Sunday, March 21, 2010

Object as Subject: Photographs of the Czech Avant-Garde at the Phillips Collection

During the 1920s and 1930s, the time of the Czech avant-garde photographers, few people had access to cameras, lenses, special paper, and the dark rooms necessary to process photos. That is not the case today; technology has improved dramatically since the early twentieth century. Nearly everyone has a digital camera that fits into their pocket and a computer printer to produce their own digital photos. We are beyond going to a darkroom, and we are even beyond venturing to the local CVS to have our film developed and printed for us. Today, our satisfaction is instant.

Our instant satisfaction is tied to our instantly available entertainment options. With the proliferation of online media such as Hulu and YouTube, we have instant access to watch whatever we choose on our home computer whenever we want it. We listen to iPods on our metro ride, and we are excited to try the newest restaurant in our neighborhood that just opened. Our “free” time is a commodity to be spent on entertainment. The Phillips Collection’s exhibition, Object as Subject: Photographs of the Czech Avant-Garde, highlights exactly that: our need for entertainment and our reaction when it is not immediate.

The Phillips Collection positioned the purpose of this exhibit to “examine the important role of objects in the Czech avant-garde's exploration of the formal concerns of abstraction.” It presents thirty photographs by ten Czech photographers, including Funke, Rössler, Schneeberger and Vobecký.

As I observe other viewers wandering through the exhibit, few are taking the time to closely engage with the photographs. Most take a quick walk through to get to the Picasso in the next room. In this exhibition, the Phillips Collection fails to entertain us. They do not connect the exhibition to an easily understood, accessible subject. Therefore, we dub the Object as Subject: Photographs of the Czech Avant-Garde “boring.” Without an immediate connection to contemporary society, the photographs are not enough to hold our attention. This exhibition feels dead.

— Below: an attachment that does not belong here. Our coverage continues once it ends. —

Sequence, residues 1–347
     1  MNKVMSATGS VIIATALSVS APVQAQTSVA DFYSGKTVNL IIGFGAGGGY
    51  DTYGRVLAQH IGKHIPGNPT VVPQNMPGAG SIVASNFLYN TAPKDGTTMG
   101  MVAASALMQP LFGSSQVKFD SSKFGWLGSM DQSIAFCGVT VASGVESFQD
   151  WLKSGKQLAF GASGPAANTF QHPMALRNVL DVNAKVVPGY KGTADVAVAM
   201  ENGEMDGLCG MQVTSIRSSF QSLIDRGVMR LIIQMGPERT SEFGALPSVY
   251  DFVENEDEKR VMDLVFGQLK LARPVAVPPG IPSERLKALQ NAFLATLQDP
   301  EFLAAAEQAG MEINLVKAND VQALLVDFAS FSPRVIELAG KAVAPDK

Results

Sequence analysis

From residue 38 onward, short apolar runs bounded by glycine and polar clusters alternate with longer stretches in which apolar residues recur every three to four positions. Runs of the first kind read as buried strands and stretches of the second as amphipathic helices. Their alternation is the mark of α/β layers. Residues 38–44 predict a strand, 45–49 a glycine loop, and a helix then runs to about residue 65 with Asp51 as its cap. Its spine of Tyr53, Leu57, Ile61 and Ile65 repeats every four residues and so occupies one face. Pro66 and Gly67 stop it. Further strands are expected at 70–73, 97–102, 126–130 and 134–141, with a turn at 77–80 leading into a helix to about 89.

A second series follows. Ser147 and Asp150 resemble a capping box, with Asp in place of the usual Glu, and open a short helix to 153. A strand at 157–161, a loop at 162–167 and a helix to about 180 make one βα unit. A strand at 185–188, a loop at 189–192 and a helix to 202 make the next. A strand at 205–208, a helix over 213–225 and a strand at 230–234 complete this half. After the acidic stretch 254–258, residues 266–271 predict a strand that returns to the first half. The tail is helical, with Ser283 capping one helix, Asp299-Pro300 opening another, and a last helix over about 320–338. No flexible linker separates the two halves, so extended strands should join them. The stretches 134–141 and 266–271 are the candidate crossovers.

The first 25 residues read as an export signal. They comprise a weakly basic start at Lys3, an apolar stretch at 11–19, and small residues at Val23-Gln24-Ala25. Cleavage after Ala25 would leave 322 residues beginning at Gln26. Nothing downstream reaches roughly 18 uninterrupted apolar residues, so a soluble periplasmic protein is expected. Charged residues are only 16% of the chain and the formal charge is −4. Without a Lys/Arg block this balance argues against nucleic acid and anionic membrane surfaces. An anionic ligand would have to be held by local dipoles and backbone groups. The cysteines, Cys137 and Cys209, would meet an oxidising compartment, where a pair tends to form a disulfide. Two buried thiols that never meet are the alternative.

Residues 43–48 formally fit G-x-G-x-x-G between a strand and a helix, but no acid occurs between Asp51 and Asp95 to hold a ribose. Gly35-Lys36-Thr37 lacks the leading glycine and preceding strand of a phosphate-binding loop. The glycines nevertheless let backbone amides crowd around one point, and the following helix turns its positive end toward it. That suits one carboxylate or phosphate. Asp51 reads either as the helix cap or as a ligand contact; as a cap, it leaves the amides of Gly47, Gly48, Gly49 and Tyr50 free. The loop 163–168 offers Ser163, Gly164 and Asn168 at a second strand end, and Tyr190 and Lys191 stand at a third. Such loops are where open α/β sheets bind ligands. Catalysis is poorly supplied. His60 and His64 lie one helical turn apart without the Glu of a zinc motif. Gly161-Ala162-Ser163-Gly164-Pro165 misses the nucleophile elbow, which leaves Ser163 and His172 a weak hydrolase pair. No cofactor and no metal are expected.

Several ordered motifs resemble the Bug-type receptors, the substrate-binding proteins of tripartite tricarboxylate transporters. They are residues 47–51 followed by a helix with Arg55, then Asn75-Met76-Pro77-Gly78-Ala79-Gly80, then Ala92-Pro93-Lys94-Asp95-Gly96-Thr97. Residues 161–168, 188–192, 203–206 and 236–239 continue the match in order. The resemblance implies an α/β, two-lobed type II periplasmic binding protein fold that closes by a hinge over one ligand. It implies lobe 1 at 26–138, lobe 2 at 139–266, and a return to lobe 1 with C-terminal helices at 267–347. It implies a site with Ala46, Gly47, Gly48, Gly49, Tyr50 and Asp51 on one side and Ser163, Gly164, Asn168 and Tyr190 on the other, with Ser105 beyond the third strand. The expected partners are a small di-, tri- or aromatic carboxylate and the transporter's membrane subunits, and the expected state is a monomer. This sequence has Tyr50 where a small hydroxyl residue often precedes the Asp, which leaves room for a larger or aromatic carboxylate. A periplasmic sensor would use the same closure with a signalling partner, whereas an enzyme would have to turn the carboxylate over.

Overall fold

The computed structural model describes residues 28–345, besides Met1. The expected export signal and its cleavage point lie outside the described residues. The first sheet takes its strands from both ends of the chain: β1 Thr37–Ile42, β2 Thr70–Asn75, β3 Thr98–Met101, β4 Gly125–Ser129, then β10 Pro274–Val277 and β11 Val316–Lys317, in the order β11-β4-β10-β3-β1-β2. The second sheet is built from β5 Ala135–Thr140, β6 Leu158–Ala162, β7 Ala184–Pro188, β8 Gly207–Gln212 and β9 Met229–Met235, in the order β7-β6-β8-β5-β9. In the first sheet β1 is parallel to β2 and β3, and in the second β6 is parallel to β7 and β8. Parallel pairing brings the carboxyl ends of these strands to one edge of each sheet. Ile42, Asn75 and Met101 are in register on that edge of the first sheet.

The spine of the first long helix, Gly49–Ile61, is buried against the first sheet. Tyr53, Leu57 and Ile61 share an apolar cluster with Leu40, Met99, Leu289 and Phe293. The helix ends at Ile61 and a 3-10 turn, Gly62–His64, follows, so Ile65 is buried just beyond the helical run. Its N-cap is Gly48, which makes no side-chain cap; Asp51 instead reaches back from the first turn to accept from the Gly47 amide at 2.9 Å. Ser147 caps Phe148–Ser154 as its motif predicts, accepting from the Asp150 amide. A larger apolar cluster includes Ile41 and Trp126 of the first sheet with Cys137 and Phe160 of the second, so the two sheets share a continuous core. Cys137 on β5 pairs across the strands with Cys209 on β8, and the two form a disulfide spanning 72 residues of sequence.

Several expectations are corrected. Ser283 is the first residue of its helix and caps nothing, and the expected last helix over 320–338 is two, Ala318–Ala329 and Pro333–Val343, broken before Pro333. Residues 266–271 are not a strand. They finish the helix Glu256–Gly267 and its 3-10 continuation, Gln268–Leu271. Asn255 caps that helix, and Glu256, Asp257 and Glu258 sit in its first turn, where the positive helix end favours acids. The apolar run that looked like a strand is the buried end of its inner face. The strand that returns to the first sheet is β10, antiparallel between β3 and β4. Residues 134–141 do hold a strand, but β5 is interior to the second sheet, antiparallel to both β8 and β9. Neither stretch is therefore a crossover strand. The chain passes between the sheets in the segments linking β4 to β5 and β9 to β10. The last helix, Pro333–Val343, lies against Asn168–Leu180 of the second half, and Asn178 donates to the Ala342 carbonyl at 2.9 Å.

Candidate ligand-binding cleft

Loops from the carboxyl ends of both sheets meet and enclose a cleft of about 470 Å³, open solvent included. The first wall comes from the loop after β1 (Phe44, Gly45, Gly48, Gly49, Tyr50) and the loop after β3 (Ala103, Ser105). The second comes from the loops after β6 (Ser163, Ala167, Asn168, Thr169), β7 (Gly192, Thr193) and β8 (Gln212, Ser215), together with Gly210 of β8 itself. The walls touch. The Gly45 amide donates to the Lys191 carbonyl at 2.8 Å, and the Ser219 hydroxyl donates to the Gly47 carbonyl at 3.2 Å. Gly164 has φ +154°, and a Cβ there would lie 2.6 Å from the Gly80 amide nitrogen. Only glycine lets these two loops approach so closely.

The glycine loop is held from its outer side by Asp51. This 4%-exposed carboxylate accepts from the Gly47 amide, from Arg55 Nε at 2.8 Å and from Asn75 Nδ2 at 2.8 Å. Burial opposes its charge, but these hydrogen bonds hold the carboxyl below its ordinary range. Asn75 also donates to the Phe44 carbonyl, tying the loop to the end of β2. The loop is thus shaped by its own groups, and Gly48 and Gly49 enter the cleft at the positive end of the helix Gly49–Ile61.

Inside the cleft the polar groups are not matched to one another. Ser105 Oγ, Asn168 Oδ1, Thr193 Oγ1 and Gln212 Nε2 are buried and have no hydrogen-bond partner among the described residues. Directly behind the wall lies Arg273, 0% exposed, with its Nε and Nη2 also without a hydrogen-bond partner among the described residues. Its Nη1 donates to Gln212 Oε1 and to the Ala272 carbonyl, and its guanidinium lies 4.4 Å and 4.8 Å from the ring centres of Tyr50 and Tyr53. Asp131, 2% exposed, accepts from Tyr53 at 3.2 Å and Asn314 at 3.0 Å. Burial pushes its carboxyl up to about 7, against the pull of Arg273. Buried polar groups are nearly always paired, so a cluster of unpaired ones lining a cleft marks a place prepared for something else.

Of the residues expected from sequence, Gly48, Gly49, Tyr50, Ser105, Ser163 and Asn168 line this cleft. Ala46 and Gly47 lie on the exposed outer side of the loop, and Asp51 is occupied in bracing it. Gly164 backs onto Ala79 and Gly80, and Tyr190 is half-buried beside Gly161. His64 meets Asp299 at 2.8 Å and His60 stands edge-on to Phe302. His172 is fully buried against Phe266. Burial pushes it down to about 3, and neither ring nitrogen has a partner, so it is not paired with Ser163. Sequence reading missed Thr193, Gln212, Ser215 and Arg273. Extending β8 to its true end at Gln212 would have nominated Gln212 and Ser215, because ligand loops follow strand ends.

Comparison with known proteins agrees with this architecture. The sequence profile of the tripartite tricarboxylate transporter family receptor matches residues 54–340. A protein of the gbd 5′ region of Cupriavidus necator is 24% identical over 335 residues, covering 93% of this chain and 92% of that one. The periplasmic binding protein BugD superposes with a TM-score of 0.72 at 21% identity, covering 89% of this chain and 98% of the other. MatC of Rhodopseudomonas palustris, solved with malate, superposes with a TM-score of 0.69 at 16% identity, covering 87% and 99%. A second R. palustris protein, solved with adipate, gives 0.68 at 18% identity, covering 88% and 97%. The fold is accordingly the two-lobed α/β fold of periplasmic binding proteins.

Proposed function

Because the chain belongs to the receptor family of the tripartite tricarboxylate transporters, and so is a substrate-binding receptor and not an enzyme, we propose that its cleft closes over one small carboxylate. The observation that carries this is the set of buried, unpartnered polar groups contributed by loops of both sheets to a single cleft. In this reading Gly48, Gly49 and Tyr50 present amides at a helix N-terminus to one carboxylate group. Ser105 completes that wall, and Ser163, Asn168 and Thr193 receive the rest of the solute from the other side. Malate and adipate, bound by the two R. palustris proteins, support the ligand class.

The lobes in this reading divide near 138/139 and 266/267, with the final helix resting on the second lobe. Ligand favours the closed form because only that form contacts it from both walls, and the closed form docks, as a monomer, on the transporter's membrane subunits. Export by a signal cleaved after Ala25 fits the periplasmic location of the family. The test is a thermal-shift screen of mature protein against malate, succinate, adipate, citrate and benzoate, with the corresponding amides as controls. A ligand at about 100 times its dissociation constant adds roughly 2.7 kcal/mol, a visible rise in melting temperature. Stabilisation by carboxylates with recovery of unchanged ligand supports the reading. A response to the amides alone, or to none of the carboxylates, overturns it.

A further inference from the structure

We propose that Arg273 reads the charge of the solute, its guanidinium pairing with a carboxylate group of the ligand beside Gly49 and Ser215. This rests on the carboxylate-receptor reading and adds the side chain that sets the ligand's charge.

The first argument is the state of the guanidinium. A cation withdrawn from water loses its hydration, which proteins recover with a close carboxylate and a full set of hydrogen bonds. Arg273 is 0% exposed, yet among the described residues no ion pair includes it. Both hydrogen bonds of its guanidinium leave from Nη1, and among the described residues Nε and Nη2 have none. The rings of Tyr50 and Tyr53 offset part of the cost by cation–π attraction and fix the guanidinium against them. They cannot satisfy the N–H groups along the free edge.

In the 1920s and 1930s, the medium was still new and being developed. Abstract photography was a novel idea. Even though we are bored now, it doesn’t diminish the incredible accomplishments of these photographers in their time. It doesn’t diminish the importance of these photographers now. The dullness we feel emanating from the exhibit only emphasizes the issue of how we consume art as a form of entertainment in our society.

We are removed from the difficulties these photographers faced. We have forgotten the past. The Czech avant-garde photographers were creating new, fresh photographs in their time between the two world wars. The Czechs and Slovaks had been liberated from the Austrian-Hungarian Empire, formed Czechoslovakia, and lived in the cultural hotbed of Prague. Because of their different origins, the Czechs and Slovaks were two very different groups of people. Ethnic tension and problems with religious and social traditions grew until the beginning of World War II. Some of the artists, including Jaromír Funke, Jaroslav Rössler, and Josef Sudek, were fueled by the exchange of culture, whether tension existed or not.

In the art world, Pablo Picasso and George Braque were experimenting with Cubism. These ideas pushed the Czech avant-garde photographers to look at line, form, light and shadow instead of simply capturing formal subjects. In Jaroslav Rössler photograph, Untitled (Abstraction with Shadows), the influence of Picasso and Braque’s use of the flat canvas comes to light.